Ondeurdagte wysigings aan wet op deeltitels berg onverwagte gevolge

Translated title of the contribution: Unintended consequences of a statutory amendment relating to sectional titles and exclusive rights to common property

Research output: Contribution to journalArticlepeer-review


With the amendments to sections 25 and 27 of the Sectional Titles Act 95 of 1986, the legislature intended to terminate malpractices relating to exclusive rights to common property within a sectional titles scheme. The exclusive rights under consideration in this contribution encompass the exclusive right reserved to the developer to develop, mostly as part of a phased development, the scheme on common property of the scheme and the exclusive use rights relating to a part of the common property. The underlying reason for legislative intervention was malpractices whereby the developer could exercise his reserved rights at whim without carrying any of the consequences of his deeds because he ceased to be an owner of a single unit within the scheme and as such was not liable for any of the costs commonly divided amongst the unit owners according to the applicable participation quota. The legislature thus enacted a provision from 2003 that any exclusive use rights reserved for any legal subject shall "revert" to the body corporate by operation of law the moment the holder of the rights no longer was a unit owner within the scheme. The same applies to the exclusive development rights reserved for the developer. As soon as the term for which the rights were originally reserved lapses the right also automatically reverts to the body corporate. The act provides that the vesting of the real rights in the body corporate takes effect by operation of law and thus no real agreement is necessary. The registrar of deeds is compelled to amend the records in the deeds office to reflect the changed legal position regarding these exclusive real rights. The act does not provide for any discretion in this regard. It is submitted that the effect of these statutory amendments is to deprive arbitrarily the developer or the erstwhile owner of the exclusive use right, of a real right as patrimonial asset without any compensation and simultaneously to enrich the body corporate with the vested right. Because this outcome may be described as unfair and unsound it is submitted that the legislature should intervene to provide for an outcome that is fair and equitable when the unequitable result follows on a mistake by the conveyancer who merely forgot about the exclusive use right when transporting the ownership in the unit to which it was attached to the new purchaser. The facts of the McKersie and Avenues cases point to the predicament that followed on the rigid application of the black letter law for all involved. The seller is no longer the owner of the exclusive use right and since the transfer of his ownership in the unit, not a member of the body corporate. The seller is thus in no position to compel the body corporate as the new beneficiary owner of the exclusive use right to part with the new acquisition as a donation to the new purchaser as his successor in title. The latter, although a member of the body corporate as (the new) owner can do nothing more than beg all members of the body corporate to unanimously agree to a cession of the valuable exclusive use right to him. There is, however, nothing to prevent any of the members of the body corporate to refuse permission to transfer the real right to him. Although the conveyancer may be guilty of professional negligence, even a handsome sum of delictual damages is not going to compensate for the loss of the scarce parking bay in a complex. It is argued that this legislative provision amounts to an arbitrary deprivation of ownership. As such it is unconstitutional and should be amended. It should allow for at least a period of six months to pass before the right to exclusive use finally vests in the body corporate. This period will allow for a rectification of the record.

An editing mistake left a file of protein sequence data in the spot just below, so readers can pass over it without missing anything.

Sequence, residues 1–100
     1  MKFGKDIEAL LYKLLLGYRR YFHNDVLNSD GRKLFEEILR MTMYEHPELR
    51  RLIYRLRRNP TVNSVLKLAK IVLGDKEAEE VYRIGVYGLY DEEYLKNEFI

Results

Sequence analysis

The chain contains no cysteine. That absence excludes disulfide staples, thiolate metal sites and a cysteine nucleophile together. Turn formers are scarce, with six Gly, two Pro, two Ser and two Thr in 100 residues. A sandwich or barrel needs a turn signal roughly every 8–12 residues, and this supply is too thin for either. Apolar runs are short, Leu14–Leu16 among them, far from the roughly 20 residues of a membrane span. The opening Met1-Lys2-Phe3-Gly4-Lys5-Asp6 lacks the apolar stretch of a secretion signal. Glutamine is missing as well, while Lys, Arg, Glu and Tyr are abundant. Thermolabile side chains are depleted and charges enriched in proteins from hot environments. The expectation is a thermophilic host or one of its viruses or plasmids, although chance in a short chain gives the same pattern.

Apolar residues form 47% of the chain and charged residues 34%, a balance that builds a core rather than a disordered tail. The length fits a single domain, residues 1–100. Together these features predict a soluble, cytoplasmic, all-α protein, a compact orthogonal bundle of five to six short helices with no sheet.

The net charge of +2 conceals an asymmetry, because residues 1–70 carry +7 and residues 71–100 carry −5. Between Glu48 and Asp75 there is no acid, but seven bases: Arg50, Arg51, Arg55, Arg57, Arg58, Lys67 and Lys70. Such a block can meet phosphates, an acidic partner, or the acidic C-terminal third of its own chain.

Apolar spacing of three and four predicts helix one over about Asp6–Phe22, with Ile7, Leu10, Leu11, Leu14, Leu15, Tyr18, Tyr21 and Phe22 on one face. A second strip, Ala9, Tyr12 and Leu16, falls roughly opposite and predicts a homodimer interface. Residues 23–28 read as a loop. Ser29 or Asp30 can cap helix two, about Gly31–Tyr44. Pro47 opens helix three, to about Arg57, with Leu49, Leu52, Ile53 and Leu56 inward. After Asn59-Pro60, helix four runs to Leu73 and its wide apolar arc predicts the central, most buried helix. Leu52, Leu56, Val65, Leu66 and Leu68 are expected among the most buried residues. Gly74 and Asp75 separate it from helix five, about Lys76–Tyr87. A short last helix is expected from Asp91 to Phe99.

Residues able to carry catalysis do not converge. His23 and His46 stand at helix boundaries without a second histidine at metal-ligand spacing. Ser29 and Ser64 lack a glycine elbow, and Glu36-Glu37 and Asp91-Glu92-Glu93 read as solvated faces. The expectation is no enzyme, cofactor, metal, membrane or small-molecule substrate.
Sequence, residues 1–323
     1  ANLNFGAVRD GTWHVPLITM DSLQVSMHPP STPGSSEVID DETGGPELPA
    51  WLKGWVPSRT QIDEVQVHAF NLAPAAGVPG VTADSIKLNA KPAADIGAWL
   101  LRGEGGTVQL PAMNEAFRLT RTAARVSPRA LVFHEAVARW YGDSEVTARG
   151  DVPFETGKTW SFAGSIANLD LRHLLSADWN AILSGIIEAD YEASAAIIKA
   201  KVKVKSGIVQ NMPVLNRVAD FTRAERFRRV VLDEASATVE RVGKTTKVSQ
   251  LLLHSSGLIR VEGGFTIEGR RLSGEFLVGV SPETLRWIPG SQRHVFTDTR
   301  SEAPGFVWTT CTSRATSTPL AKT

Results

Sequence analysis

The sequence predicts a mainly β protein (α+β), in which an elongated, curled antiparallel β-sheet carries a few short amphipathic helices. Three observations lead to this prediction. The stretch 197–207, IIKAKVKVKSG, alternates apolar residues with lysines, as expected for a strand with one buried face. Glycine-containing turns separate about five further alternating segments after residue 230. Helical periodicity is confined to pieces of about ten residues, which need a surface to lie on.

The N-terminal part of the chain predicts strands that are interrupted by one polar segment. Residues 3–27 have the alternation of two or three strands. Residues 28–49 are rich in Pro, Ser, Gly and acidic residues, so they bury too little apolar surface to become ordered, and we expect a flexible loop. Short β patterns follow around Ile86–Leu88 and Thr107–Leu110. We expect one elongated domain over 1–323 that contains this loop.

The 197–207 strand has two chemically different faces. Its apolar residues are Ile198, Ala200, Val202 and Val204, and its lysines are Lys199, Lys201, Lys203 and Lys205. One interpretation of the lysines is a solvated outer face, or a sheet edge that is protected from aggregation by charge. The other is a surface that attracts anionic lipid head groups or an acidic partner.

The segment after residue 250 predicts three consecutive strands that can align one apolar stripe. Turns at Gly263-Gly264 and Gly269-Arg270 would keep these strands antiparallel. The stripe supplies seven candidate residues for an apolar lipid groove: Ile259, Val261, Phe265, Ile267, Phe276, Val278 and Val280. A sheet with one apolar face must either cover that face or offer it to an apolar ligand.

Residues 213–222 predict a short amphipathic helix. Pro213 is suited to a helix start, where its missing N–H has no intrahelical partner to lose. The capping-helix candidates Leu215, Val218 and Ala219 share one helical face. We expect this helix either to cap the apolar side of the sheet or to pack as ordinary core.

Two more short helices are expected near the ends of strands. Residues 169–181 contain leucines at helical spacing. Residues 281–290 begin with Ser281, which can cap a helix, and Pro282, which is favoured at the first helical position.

Translated title of the contributionUnintended consequences of a statutory amendment relating to sectional titles and exclusive rights to common property
Original languageUndefined/Unknown
Pages (from-to)706-723
Number of pages18
JournalTydskrif vir die Suid-Afrikaanse Reg
Issue number4
Publication statusPublished - 2014

ASJC Scopus subject areas

  • Law


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